The recent relentless rain in Austin finally let up today so I was inspired to throw off my flannel pants and fuzzy slippers (the beauty of having a home office) and open my pores to some much needed vitamin D. I walked in circles around the track at our neighborhood elementary school while the sun was setting and the moon was rising. Whenever I find myself between these two marvels at that perfect moment, I feel like I’m getting my own personal realignment from the cosmos. The moon will be full tomorrow so she had an abundance of intuitive lunar magic to bestow, balanced by the orange winter sun lighting my path with its brilliance.
When I returned home I grabbed an O’Doul’s beer and walked around, surveying the landscape that I have essentially been ignoring for weeks now. It’s that time of year when brown is the primary color scheme and freeze stress is the most popular look. The “back 40” is overgrown with bamboo, which is blanketed with the brown remains of wild vines that I allowed to run rampant towards the end of the summer. Even the arbor that we were married under is draped with dead vines, probably a huge feng shui faux pas (if I may mix my Americanized slang use of foreign phrases.)
My lack of attention to all this has been eating away at my naturally guilty conscience, but I was struck by how comforting it was to just stand there and look at it. I never even picked up a pruner or clippers and I still felt a connection and kinship just being in the middle of the chaos. It’s different than the piles on my desk that can also feel like chaos. There’s nothing therapeutic about looking at that mess, feeling the halogen light streaming down from above or the soft breeze of the heating system tickling my face, reminding me of the huge utility bill headed my way.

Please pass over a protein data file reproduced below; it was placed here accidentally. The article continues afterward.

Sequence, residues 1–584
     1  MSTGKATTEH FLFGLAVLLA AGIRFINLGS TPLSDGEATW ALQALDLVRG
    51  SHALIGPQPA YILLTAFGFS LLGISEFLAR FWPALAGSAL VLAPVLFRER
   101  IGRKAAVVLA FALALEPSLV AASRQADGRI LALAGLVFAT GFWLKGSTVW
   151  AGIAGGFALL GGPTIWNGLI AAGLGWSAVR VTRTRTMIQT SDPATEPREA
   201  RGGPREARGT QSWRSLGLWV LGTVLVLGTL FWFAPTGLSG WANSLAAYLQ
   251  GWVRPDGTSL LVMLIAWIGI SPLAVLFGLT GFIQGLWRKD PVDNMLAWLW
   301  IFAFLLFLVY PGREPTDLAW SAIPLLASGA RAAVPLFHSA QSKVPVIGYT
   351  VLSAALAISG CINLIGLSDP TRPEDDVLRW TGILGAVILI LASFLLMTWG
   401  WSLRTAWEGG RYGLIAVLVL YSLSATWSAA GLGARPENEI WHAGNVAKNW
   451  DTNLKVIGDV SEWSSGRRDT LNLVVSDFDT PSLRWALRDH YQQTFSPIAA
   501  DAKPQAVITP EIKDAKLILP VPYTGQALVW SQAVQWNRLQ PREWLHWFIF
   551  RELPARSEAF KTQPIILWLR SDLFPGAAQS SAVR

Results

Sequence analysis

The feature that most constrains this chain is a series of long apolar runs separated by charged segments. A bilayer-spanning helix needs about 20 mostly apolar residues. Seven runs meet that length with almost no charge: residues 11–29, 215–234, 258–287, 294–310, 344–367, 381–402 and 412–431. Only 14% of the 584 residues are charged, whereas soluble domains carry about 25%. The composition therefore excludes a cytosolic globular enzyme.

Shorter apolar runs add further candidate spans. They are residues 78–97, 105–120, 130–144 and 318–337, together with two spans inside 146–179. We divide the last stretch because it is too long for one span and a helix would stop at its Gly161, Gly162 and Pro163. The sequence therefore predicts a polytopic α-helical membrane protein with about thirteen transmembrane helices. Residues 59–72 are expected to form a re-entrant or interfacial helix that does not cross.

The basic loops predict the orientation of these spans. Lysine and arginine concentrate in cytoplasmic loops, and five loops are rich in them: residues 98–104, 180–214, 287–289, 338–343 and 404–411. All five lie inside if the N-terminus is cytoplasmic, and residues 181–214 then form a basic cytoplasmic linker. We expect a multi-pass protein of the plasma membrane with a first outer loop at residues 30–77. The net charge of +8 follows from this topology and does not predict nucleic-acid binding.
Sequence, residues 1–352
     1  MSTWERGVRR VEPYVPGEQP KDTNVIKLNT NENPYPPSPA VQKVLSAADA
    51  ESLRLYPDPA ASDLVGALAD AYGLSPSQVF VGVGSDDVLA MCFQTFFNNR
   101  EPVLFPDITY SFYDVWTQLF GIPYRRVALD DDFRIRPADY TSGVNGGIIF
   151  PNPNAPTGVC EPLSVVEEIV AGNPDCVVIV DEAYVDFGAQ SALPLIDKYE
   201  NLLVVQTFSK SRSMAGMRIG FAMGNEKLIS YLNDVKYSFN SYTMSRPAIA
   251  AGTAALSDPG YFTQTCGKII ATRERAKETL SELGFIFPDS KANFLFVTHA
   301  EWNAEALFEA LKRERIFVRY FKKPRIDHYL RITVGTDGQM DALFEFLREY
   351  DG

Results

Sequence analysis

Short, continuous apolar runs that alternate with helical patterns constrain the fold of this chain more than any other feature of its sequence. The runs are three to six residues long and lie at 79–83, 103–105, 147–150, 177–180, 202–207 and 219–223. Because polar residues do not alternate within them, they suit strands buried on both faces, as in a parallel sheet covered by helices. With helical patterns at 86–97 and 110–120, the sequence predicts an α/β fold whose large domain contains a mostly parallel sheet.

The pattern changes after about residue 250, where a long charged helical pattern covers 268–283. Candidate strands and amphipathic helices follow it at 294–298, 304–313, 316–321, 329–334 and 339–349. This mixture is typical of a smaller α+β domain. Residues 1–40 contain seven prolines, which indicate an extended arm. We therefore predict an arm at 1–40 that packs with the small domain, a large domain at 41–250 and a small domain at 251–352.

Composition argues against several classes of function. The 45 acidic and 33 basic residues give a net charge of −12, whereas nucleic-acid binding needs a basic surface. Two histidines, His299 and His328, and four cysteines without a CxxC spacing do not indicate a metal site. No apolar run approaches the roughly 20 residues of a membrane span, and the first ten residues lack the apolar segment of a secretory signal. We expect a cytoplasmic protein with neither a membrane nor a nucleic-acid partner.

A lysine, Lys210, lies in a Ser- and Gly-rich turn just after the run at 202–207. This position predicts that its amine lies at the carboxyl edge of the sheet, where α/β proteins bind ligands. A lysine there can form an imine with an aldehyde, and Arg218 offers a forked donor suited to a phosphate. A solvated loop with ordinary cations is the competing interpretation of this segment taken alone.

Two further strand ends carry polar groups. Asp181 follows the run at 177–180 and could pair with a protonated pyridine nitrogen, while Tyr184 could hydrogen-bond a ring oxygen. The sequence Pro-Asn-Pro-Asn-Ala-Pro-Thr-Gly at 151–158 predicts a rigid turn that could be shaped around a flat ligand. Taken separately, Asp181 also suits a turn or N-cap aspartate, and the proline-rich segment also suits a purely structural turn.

When I’m out in Mother Nature, it is as if she has been waiting with open arms for me to even stop by for a quick visit. She is not passing judgment saying “hey, we’ve got some overgrowth here, when are you planning to get to work?” The winter greens are still growing in spite of my lack of attention (thanks to Mother Nature’s superb watering job this week) and the kitchen scraps continue to turn into black gold in the compost pile. This relationship is not conditional – she is not going to turn her back on me if I don’t live up to her (or my) expectations. She might not flourish with quite as much pizzazz, but she’ll keep growing and doing her thing, offering me a quiet place to think, move, reflect and connect.
While I stood there in the gathering darkness, I realized that even when I stray far from my garden for weeks on end I will still be welcomed back with no agenda. James Taylor was singing “ain’t it good to know, you’ve got a friend” on my iPod. Yeah James, it is.